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Anyone know how to use a php regex to remove text from a string that contains regex meta-characters?

For example -

Text-string before -

"Look at the shiny apple [word]" //where 'word' could be anything

Text-string after -

"look at the shiny apple"
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Are you looking to replace a specific string which happens to contain metacharacters (this was answered already) or generally any string which contains metacharacters? Then you have to enumerate, like [][^$.\*+?()] (this is a possibly incomplete character class, just to give you the idea). – tripleee Sep 16 '11 at 7:30

3 Answers 3

up vote 1 down vote accepted

You replace something with regex using preg_replace.

If you want to match a special character literally you have to escape the character in the regular expression using a backslash like this \[ (if you want to match a "[").

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preg_replace('/Look at the shiny apple \[\w+\]/gi','Look at the shiny apple', $subject);

should do the trick.

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1Clean and straight-forward, ga – chown Sep 16 '11 at 7:25
This would replace the whole sentence and not only the word in square brackets. – stema Sep 16 '11 at 7:32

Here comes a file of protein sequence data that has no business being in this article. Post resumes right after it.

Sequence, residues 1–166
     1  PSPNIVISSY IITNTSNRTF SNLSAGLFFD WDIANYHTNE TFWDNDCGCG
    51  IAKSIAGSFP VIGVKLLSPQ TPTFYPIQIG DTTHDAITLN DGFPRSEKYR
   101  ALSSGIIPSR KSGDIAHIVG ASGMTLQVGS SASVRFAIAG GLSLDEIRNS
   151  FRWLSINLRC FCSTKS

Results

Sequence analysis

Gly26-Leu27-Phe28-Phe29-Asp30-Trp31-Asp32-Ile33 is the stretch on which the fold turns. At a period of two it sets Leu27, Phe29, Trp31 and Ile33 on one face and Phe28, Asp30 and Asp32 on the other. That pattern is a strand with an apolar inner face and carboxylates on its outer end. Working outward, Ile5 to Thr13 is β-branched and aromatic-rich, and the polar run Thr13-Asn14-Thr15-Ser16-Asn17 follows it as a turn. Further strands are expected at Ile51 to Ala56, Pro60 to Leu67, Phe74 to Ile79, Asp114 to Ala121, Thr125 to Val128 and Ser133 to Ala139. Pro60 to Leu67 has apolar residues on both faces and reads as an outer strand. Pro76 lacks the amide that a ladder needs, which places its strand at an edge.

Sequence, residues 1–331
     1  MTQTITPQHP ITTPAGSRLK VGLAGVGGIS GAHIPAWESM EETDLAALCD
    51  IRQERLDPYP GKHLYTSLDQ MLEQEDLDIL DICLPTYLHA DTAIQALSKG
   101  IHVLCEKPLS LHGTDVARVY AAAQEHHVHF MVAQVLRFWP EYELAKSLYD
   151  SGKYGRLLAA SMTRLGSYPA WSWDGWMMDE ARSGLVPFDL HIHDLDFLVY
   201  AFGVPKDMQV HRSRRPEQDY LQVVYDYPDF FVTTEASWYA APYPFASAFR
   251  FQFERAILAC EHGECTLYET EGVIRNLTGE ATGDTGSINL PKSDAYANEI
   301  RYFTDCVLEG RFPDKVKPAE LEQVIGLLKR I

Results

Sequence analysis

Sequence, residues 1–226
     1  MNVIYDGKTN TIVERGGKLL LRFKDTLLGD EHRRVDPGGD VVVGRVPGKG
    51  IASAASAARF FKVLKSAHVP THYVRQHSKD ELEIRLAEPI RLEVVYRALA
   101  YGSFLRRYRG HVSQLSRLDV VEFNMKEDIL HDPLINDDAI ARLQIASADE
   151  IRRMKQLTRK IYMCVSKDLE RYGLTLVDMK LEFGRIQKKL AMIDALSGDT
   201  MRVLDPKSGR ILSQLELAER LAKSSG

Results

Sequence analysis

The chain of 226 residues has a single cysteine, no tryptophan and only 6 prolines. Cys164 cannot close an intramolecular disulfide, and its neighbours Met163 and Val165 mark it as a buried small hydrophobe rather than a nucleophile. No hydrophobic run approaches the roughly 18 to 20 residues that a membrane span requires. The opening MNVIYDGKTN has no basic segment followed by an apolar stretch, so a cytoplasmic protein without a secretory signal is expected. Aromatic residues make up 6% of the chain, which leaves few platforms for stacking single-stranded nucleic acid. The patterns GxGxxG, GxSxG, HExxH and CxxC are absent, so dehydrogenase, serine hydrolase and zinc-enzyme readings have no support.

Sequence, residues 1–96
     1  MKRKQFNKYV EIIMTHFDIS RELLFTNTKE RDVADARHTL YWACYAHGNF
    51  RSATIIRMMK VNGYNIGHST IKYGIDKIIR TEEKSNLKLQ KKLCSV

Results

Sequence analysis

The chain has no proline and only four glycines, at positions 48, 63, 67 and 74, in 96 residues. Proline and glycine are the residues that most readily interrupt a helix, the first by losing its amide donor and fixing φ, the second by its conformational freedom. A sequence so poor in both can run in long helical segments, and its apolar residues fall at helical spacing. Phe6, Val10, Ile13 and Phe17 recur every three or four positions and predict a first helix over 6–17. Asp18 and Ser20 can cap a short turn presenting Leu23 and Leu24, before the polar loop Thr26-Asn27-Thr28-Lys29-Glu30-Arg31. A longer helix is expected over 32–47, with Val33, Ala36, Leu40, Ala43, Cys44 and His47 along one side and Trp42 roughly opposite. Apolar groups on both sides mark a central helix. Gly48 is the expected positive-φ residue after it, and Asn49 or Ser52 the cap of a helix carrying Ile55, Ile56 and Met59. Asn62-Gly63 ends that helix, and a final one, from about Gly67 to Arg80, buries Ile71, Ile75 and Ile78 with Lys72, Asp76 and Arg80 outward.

whoops! updating code to work the way needed. – Jesse Sep 16 '11 at 21:00

Your regex would look something like this:

"(?<=Look at the shiny apple )\S*"

The (?<=) is a positive lookbehind, it says it must exist before the match, but not to include it in the match.

This is a good tool for testing and figuring out regex:

Edit: as noted below, without a space after the .* it would match the rest of the data, \S could also be used. Thanks Jesse

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well, if they wanted to capture every character after "Look at the shiny apple", that would work, but I'd imagine this would at least be (?<=Look at the shiny apple\s*)\S*, so it won't capture the entire rest of the string contents. – Jesse Sep 16 '11 at 1:06
I had actually forgotten to mention, there's a space after the .*, but it's not quite visible here. Sorry about that, yes \S would work as well. – Howard Sep 16 '11 at 1:07
also, another neat tool: – Jesse Sep 16 '11 at 1:07
edited the original post to better clarify, thanks for pointing it out. – Howard Sep 16 '11 at 1:12
you'll need a * there too, or it'll only match the first character ;) – Jesse Sep 16 '11 at 1:15

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